How Quarantine Will Affect Kids’ Social Development | #coronavirus | #kids. | #children

Children of all ages, of course, can have bigger problems than being at loose ends and missing their friends. That all-important sense of security might be harder to achieve for families who were thrown into severe economic straits by the shutdown and have had to worry about basic needs such as food, shelter, and medical care. For such families, Jones said, the best way to support the kids is to make sure that support is available for the parents in the form of food banks, unemployment benefits, public clinics, and the like.

In some kids, the loneliness brought on by social isolation might turn into depression or other mental-health issues. The time to worry, says Elizabeth Schwarz, a child psychiatrist in New York City, is when kids display extremes in behavior, such as sleeping all the time or not at all, increased irritability, and changes in weight. One mother in Walnut Creek, California, who asked that I not use her name to protect her family’s privacy, was shocked when, the week after shelter-in-place orders went into effect in California, her 15-year-old daughter handed her a letter revealing that she was bulimic. For the teenager, the pandemic brought with it a confluence of stressful events—a disappointment in a school election, fear of losing her 104-year-old great-grandmother, a breakup with her boyfriend. Normally, her mother told me, she’d be able to channel the stress through activities and socializing. But because of the pandemic, “she had things right and left [fall] off of her calendar.” Fortunately, the family has been able to get good medical and counseling support for their daughter. And in a strange twist, the pandemic has enforced space and time for recovery.

Even for parents whose kids seem to be handling things well, the transition to summer brings more uncertainty. Different families, counties, and states are living with very different rules, as well as different levels of willingness to abide by those rules. “Can we just be honest? I’m freaking out about what everyone will do,” Jones said of her own two children. The best that adults can do for children is provide some certainty within the uncertainty. Kids’ need for routine and a sense that the adults in their life can keep them safe applies to summer fun too. “Parents can say, ‘If things open up in two weeks, you’ll go to camp,’” Schwarz said. “‘If they don’t, we will get a slip-and-slide.’” Some public-health experts have also begun to suggest that two isolating families can come together, allowing children and adults to socialize with a slightly increased but still limited risk.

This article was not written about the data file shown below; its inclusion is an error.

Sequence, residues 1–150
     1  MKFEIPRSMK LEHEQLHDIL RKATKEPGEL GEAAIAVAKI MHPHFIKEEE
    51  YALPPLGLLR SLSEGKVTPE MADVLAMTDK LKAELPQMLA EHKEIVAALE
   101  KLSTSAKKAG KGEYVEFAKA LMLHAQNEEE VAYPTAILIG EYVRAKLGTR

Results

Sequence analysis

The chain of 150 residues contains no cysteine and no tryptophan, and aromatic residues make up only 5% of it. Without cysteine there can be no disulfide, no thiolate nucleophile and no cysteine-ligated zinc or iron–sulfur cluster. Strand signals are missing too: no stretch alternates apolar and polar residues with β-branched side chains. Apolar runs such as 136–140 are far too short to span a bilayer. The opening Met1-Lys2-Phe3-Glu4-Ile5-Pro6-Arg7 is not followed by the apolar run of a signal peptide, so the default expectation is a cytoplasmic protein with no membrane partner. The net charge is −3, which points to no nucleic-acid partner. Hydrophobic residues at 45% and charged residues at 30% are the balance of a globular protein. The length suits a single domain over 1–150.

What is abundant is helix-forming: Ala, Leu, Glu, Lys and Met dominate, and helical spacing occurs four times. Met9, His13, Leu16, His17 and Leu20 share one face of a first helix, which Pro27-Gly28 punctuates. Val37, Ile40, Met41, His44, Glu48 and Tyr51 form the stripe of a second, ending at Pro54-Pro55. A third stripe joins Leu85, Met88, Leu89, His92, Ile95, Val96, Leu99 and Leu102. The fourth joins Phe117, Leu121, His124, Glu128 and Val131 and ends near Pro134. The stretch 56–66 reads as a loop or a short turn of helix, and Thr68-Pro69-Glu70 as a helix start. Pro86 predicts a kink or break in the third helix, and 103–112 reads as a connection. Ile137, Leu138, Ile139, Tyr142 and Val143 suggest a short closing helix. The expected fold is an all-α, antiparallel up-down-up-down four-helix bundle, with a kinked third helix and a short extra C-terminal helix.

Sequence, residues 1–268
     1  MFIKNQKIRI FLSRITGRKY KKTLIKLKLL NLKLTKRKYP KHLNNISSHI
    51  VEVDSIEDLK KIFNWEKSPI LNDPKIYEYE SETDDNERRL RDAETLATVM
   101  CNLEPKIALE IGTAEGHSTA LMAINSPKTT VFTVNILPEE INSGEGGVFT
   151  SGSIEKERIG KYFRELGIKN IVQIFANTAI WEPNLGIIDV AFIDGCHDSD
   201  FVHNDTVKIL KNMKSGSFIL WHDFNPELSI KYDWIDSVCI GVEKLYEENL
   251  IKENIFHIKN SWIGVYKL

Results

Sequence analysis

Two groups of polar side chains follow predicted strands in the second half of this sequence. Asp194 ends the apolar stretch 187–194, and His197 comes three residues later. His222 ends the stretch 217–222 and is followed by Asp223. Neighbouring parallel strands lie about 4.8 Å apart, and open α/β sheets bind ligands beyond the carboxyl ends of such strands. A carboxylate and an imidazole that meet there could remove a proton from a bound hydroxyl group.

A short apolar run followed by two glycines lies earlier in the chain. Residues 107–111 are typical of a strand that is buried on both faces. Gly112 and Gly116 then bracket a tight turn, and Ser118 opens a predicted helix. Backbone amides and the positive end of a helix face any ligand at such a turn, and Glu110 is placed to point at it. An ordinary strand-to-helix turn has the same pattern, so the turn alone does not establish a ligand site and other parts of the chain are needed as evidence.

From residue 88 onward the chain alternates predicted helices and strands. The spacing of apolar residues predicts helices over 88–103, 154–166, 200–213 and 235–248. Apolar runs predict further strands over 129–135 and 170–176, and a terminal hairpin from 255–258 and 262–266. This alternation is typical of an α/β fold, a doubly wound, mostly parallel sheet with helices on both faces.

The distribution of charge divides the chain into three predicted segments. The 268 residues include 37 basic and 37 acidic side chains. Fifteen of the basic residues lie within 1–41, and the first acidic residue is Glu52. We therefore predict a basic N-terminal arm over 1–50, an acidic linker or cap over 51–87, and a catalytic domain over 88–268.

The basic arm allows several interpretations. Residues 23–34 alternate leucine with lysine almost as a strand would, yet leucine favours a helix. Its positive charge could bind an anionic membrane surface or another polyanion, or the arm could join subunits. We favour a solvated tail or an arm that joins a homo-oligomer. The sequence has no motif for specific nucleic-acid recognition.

And everyone stuck at home—who is old enough—should continue to acknowledge that this enforced togetherness is unusual. The Acker boys, for example, have brought their college habits back to New Jersey, making mac and cheese and eggs for dinner at 1 a.m., which led their mother to set some new ground rules in the kitchen. During a tense family moment recently, the oldest son, Ian, 22, who had planned to stay in San Francisco after his college graduation in May, looked at his mother and said, “I’m not even supposed to be here.” She realized he was right. “I thought, That’s so true,” she told me. “Let’s just start with that.”

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Lydia Denworth is a contributing editor for Scientific American and the author of Friendship.

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